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Warriors of Tibet: The Story of Aten and the Khampas' Fight for the Freedom of their Country (Wisdom Tibet Book) Paperback – June 15, 1986


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Product Details

  • Series: Wisdom Tibet Book
  • Paperback: 152 pages
  • Publisher: Wisdom Publications (June 15, 1986)
  • Language: English
  • ISBN-10: 0861710509
  • ISBN-13: 978-0861710508
  • Product Dimensions: 5.3 x 0.4 x 8.5 inches
  • Shipping Weight: 7.8 ounces
  • Average Customer Review: 5.0 out of 5 stars  See all reviews (2 customer reviews)
  • Amazon Best Sellers Rank: #594,189 in Books (See Top 100 in Books)

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19 of 19 people found the following review helpful By LyndonComs@aol.com on June 20, 1998
Format: Paperback
"From this lofty peak of my old age, I look back toward the memories of my young days, and they still stand before me, vivid and clear as the crystal streams of my land, Nyarong."
So begins the autobiography of Rapten Dorje, known as Aten, as told to Jamyang Norbu in 1974 from exile in India. Aten, who was born in 1915, speaks in lucid and heartfelt tones of his life as a child in the tribal culture of Nyarong, which is located in the eastern province of Tibet, Kham. This short and incredibly poignant book provides a sharper picture than any I have previously encountered of the pre-1950 culture of Tibet and its near-total destruction during the Chinese invasion of the 1950's and its aftermath. In a voice that calls forth eerie reminders of Wounded Knee, Aten laments in the book's opening page of the slaughter of his family in a surprise Chinese attack, "...On a frozen wasteland, thinly covered with wind-swept snow, I left behind me the twisted, bullet-ridden carcasses of my family and my only little daughter...So much sorrow, so much pain and death."
The Khampas (people of Kham), who seem to have a reputation in Asia reminiscent of the Sioux on this continent, are a striking people. Incredibly skilled horse riders, they were also fierce warriors who fought a guerilla war against the Chinese for years in the face of scorched earth tactics and overwhelming odds before being finally crushed. Yet Kham was also filled with monasteries and produced many of the greatest meditation masters of the Kagyu and Nyingma Buddhist traditions. Of those who escaped into exile, a number of Khampa Buddhist teachers played key roles in introducing Tibetan Buddhism in the West. Ven. Chogyam Trungpa Rinpoche and H.H. Dilgo Khyentse Rinpoche immediately come to mind as examples.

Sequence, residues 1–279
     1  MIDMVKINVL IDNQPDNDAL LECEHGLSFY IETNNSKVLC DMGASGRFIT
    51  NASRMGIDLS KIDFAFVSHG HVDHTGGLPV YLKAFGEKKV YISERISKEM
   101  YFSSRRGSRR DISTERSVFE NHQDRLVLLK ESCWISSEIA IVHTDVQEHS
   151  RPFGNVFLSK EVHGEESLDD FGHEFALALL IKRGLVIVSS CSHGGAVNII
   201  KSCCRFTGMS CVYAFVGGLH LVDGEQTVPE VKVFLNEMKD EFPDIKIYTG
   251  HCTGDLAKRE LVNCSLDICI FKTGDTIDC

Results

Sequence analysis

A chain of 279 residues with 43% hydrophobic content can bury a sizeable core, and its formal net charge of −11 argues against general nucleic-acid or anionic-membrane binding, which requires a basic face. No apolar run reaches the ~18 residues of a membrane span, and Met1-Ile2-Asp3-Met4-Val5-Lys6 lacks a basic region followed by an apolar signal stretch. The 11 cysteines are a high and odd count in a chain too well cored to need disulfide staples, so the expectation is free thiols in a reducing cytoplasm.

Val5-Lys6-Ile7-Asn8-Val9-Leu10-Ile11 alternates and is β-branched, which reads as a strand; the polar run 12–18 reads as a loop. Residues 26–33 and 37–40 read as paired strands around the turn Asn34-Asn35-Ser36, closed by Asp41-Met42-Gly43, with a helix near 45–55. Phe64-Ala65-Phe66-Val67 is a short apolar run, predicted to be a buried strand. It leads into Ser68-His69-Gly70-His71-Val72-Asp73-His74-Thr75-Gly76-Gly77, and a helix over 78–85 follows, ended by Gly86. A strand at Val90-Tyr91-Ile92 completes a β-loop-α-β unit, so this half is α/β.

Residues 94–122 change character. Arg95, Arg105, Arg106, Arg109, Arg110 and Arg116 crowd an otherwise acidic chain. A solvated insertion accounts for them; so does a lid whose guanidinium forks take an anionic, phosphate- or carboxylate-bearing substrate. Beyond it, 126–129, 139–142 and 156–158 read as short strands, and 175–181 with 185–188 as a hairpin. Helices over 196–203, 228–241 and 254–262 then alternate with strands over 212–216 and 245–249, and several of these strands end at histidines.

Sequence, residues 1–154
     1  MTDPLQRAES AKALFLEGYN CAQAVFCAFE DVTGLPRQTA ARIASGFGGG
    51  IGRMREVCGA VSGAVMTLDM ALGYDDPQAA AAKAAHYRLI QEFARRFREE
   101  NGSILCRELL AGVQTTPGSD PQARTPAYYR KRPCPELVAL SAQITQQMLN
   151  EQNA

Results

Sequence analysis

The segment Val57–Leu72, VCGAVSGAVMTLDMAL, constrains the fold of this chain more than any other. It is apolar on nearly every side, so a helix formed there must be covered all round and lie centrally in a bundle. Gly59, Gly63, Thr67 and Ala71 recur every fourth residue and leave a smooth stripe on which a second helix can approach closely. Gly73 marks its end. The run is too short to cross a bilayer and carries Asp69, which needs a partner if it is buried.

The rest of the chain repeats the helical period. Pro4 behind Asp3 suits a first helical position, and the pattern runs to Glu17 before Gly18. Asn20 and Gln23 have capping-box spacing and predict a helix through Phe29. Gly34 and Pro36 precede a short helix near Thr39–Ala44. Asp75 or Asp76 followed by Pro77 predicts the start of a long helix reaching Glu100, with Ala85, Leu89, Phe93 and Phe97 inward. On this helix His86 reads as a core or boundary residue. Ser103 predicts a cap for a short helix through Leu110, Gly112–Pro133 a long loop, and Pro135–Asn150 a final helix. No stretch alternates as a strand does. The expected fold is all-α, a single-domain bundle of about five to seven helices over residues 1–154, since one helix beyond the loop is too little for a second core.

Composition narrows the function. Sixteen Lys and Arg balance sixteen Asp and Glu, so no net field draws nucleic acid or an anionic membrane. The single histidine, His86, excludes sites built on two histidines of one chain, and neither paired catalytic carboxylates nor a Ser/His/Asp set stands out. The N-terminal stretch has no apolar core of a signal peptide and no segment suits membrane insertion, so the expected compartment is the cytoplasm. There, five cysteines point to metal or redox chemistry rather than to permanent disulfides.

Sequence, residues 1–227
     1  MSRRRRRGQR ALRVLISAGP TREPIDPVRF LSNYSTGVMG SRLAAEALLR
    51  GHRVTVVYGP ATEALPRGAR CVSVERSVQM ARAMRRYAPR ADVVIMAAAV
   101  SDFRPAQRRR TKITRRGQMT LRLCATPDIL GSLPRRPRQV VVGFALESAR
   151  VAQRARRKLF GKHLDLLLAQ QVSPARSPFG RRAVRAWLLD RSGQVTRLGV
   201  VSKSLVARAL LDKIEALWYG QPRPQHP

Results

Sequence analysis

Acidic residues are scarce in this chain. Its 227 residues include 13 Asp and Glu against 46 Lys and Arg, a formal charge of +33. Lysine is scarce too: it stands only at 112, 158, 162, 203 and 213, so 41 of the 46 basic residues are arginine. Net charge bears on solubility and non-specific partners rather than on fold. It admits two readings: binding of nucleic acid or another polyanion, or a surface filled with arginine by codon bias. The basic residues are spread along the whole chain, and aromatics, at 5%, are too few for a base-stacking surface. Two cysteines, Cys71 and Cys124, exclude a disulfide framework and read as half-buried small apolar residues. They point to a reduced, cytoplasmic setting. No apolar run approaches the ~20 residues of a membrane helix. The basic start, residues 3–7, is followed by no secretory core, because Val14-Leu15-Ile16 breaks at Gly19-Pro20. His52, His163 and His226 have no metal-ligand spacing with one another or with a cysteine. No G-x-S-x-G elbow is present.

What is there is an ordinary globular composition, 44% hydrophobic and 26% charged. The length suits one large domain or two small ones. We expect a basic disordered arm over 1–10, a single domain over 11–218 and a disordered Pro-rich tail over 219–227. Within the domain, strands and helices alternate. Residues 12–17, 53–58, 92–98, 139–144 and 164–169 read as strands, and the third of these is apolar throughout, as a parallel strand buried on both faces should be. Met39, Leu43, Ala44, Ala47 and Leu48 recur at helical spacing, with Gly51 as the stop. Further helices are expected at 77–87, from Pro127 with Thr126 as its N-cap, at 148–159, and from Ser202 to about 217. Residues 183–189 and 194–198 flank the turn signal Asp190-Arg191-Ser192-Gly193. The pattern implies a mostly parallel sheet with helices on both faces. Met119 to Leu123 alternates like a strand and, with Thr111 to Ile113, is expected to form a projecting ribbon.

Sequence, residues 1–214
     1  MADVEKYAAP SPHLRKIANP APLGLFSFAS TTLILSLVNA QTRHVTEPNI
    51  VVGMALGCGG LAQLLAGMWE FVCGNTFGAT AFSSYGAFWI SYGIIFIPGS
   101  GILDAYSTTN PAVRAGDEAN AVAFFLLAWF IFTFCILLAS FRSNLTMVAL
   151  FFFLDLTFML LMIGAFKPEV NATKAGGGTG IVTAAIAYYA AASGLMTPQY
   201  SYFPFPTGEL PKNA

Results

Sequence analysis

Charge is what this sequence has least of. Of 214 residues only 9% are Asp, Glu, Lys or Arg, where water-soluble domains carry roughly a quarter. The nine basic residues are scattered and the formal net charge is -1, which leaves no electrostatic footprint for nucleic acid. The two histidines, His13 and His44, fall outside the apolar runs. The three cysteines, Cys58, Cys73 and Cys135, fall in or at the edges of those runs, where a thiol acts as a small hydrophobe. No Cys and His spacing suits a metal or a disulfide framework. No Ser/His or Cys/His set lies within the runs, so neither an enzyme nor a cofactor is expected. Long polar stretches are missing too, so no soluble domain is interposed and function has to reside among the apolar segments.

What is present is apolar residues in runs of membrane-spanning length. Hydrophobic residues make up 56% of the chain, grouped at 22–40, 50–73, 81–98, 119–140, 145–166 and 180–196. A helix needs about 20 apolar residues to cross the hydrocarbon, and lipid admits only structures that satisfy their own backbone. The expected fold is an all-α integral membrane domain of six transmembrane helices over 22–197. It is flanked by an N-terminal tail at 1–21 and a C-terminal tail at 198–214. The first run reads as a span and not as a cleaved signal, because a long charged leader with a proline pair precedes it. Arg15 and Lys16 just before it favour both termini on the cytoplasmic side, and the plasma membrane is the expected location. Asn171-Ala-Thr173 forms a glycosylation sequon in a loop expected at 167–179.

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Format: Paperback
"I also had my Russian rifle, but at the moment it was useless as I had no ammunition for it. It was not much to fight the Chinese with, yet I felt I had made the right decision, and that there was no use in being a man if I did not have the courage to rise and fight the enemy."

These words vividly convey the brave thoughts and noble emotions of Rapten Dorje (Aten), a Tibetan native son whose family and land and culture were violently ripped away from him by the invading Chinese in the 1950s. Raised and nurtured with a life-long, deep spirituality and prayerful compassion for all living things, Aten and his fellow Khampas (of Eastern Tibet) were taught to live by the teachings of their beloved spiritual leader, the Dalai Lama.

This short book is Aten's extremely powerful autobiography as told through Jamyang Norbu, a former member of the Tibetan guerilla force himself who later worked for the Tibetan government-in-exile. The two met in 1974 and worked closely together to produce this amazing chronicle of a spiritually-rich, peaceful people who have lived in virtual isolation for many, many centuries on the "roof of the world."

Aten presents a beautiful, lucid story of his native Tibet during his formative years before the onslaught of Chinese invaders - the physically robust and spiritually devoted Tibetan people, the great monasteries, magnificent Tibetan Buddhist traditions, tremendously skilled Khampa horsemen, the centuries-old spiritual significance of "om mani padme hum" and, of course, Lhasa's tremendous Potala Palace. "For our people in Eastern Tibet, it was the ultimate experience to see Lhasa at least once before we died."

I heartily agree with a previous reviewer who calls this book "the `Black Elk Speaks' of Tibet.
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